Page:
Failure to execute a state search warrant within 10 days (F.R.Crim.P. 41) where state law says 60 days does not automatically trigger the exclusionary rule. The affidavit for the warrant showed probable cause, and the good faith exception also applies. United States v. Felton, 2021 U.S. Dist. LEXIS 158685 (C.D.Ill. Aug. 23, 2021):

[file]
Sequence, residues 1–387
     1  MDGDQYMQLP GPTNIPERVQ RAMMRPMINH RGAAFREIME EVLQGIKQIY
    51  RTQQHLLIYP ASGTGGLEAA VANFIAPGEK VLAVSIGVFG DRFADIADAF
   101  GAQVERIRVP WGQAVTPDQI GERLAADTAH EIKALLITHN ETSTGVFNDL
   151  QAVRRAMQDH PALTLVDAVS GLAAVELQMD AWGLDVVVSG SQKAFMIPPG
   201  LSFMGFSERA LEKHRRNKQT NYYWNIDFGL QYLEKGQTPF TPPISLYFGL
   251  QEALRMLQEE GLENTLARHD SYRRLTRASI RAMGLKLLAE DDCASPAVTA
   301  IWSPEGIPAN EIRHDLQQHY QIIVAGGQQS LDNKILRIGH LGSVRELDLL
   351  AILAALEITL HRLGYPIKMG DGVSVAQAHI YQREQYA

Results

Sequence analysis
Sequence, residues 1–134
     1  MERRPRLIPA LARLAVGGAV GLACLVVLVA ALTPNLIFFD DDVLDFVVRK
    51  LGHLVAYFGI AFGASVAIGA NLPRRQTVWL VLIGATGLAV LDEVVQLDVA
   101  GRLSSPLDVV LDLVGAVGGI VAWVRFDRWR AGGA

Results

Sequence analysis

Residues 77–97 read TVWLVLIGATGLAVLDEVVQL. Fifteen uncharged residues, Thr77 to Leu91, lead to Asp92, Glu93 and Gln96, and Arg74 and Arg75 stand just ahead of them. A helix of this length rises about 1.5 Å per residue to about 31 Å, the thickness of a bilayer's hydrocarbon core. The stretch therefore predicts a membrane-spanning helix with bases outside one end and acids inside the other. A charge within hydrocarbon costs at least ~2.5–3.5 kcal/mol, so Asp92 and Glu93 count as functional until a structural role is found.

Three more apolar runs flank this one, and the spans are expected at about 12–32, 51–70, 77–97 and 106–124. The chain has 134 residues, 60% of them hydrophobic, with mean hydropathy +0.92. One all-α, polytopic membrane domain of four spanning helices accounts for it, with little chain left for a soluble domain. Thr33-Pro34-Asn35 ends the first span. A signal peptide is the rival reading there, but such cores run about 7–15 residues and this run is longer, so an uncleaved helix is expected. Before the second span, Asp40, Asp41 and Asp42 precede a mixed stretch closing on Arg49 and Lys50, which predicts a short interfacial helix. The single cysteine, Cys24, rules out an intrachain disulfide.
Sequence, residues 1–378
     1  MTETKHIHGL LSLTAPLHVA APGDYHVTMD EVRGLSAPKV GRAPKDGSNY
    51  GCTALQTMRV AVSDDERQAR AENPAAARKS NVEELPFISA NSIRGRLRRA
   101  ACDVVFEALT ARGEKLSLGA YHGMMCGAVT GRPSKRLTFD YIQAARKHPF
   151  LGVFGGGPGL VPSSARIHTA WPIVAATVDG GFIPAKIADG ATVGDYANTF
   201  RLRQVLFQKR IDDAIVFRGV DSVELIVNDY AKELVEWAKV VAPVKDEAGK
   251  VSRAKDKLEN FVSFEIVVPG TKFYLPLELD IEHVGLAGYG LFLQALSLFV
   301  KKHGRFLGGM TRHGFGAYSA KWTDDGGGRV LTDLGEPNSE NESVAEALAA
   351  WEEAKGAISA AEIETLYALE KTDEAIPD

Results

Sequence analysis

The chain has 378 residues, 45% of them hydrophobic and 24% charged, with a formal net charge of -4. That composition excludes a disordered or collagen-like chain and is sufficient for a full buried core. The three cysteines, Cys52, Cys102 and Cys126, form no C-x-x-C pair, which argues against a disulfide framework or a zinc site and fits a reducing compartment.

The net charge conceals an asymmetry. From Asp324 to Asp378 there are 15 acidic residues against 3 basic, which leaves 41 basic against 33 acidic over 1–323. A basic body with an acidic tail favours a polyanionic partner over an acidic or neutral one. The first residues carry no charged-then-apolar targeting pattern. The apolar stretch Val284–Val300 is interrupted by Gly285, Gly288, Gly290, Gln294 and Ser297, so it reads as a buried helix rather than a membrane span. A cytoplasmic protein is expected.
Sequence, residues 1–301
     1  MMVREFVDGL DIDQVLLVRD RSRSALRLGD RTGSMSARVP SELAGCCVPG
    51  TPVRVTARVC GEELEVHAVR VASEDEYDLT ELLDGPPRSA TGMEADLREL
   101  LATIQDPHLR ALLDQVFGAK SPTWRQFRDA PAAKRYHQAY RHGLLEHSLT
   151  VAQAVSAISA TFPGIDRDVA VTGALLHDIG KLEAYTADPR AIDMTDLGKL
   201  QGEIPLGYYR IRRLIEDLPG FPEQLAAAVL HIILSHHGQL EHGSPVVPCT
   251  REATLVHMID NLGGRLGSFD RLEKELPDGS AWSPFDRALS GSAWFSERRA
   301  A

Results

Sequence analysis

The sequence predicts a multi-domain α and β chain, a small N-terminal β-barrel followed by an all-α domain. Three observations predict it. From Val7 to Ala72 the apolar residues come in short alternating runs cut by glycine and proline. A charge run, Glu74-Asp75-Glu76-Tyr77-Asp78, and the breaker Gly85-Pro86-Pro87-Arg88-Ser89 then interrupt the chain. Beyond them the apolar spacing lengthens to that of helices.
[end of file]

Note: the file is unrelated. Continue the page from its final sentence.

No bright line rule operates to automatically void an unexecuted warrant for purposes of Fourth Amendment analysis after the lapse of some specific number of days or hours. See United States v. Sutton, 742 F.3d 770, 774 (7th Cir. 2014) (affirming denial of motion to suppress where the defendant asserted that information more than 72 hours old was too stale to give rise to probable cause and holding that “there is no bright line rule for determining staleness”). Nonetheless, the age of the inculpatory information relied on by police when seeking a warrant is one of the primary factors used to determine the existence of probable cause. United States v. Spry, 190 F.3d 829, 836 (7th Cir. 1999); see United States v. Bradford, 905 F.3d 497, 504 (7th Cir. 2018) (weighing age or “staleness” of informant’s information alongside the other probable cause factors). Accordingly, the lapse of time between issuance and execution of the warrant is a factor in the Court’s probable cause analysis.